January 4, 2012

The Audacity of Naked Gaga / The Absurdity of Hope. ~ James MacAdam



One Christmas I got a DVD of topo maps for all of Southern Arizona from my wife.

Oh, the excitement, the places I’d go!

I’d walk the whole area, explore hidden nooks off the trail, plan bike and horse-packing trips to know the whole region, make it mine, all mine! It’s like that feeling of walking into a bookstore, the promise of it all. I could learn about carpentry, blue-water sailing, tattoo art, or sacred sexuality. Here it is, all the world in one place, ripe and ready for me to consume, to fly above it all. Or there was the time, still recovering from hip surgery, when Rachel bought me a gift certificate to a running store. I had only just begun to walk for more than 20 minutes at time, but she believed in me, I would run, RUN!

The span of an entire week off yawns before me, and I feel the tendrils of my mind expanding to curl around various ideas of promise, taking flight to survey the landscape of opportunity. Perhaps we will soak in hot springs, take long hikes, have long mornings of lovemaking, eat delicious sticky buns, finally get the house organized. What a dreamer I am. This always happens when I have a break, but there’s something extra special about Christmas and New Year’s. Christmas, all the gifts, the maps and outdoor gear and instruments, the art supplies, all of this I will use in my new, richer life with more money and free time!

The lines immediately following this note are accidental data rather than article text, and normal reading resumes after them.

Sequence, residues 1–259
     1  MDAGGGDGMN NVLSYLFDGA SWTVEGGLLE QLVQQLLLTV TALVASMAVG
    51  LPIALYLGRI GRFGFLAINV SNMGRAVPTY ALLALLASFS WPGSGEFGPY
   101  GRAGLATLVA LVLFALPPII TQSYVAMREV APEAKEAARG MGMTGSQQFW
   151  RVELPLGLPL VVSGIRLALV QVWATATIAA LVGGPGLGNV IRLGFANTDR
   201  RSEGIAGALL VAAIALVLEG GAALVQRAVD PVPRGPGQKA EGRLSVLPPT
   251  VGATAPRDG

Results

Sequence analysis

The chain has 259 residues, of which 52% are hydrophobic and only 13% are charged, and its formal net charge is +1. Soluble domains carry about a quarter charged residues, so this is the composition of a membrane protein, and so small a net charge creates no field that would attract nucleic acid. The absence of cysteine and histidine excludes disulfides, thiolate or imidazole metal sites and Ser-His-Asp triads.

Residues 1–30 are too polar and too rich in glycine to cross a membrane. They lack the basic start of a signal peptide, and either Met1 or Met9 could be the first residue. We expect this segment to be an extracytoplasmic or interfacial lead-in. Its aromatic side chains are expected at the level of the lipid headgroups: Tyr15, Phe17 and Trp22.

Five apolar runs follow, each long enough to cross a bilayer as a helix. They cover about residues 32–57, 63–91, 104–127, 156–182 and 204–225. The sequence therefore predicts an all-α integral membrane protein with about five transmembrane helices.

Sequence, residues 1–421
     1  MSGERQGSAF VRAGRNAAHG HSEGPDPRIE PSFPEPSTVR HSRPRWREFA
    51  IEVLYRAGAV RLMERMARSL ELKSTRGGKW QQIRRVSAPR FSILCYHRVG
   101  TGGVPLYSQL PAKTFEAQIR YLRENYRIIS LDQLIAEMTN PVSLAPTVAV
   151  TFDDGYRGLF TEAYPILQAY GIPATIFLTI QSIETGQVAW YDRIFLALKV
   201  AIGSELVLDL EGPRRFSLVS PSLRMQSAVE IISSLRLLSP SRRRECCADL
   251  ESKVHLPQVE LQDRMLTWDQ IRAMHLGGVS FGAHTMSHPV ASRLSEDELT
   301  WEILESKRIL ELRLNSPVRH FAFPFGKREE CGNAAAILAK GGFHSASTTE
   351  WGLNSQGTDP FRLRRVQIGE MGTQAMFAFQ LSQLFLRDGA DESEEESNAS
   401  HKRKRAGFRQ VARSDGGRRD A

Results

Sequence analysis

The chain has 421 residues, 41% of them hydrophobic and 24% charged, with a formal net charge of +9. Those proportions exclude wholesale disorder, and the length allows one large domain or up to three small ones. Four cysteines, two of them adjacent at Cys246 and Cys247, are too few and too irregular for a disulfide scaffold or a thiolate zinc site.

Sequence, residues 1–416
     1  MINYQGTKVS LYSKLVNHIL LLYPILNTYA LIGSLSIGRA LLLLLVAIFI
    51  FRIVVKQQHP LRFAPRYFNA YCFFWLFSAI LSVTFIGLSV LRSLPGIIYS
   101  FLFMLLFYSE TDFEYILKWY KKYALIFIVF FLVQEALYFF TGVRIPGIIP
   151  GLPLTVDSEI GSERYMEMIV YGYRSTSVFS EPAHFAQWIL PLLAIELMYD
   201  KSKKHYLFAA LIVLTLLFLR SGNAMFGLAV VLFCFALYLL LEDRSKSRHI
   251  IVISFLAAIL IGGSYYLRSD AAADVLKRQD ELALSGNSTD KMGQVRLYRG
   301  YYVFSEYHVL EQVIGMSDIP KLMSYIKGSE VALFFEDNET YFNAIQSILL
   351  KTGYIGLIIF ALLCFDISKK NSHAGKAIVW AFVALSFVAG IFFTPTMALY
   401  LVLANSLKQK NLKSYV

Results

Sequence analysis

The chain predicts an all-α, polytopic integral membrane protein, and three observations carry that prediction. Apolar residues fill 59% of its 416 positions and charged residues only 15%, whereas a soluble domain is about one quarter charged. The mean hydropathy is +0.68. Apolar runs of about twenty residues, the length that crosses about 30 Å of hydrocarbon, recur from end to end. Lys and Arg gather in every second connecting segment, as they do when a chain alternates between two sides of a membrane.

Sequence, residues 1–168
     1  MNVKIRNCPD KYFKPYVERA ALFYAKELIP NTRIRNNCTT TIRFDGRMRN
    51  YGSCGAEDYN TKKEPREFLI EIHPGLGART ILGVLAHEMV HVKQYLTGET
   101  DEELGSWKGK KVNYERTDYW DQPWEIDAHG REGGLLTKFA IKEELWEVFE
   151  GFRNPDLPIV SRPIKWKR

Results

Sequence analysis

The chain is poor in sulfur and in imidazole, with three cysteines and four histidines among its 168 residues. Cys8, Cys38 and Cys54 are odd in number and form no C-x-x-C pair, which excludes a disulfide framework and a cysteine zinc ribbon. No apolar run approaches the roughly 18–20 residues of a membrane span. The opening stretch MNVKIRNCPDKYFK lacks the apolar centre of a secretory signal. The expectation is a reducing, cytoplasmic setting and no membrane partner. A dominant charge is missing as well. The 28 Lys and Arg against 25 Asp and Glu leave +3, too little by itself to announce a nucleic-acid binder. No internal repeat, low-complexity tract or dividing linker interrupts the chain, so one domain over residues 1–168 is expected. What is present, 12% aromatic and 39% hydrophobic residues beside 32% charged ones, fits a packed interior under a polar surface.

I will use these tools to make more money, and buy myself time to use them! I will build a boat, take a month-long hike up the mountain spine of Arizona. I will buy a piano and have whiskey sitting on it while I regale guests with wonderful songs, while I’m working on a recording and it goes viral and next thing I know….

And then New Year’s. A whole New Year!

Never mind how quickly the last one went, and that I spent some huge portion of it sitting in front of a computer just like this. Except doing even less exciting work, often avoiding meaningful and challenging work I could’ve been doing, perfecting spreadsheets so I didn’t have to write a grant proposal. But now there are 12 whole months ahead and it’s only going to get lighter from here on out, because it’s the solstice, too, dammit! And of course we can celebrate Christmas because it’s just a co-optation of pagan solstice celebrations, and we get the idea that at the darkest time of the year we must, must keep the light inside bright, inside our hearts and homes and families and everything. Oh, yes!

And we love Jesus too, because isn’t he just the most successful Guru and it feels good to have an icon on the wall that represents something that we actually grew up with? Versus the many-armed dancing hermaphrodites and the fat elephant that’s rich with another culture’s symbolism. Christmas is ours! The white folks, the Eurotrash who’ve spread everything all over the world and destroyed it all, the worst cancer in the history of the world. This is our holiday, and we love it and hate it.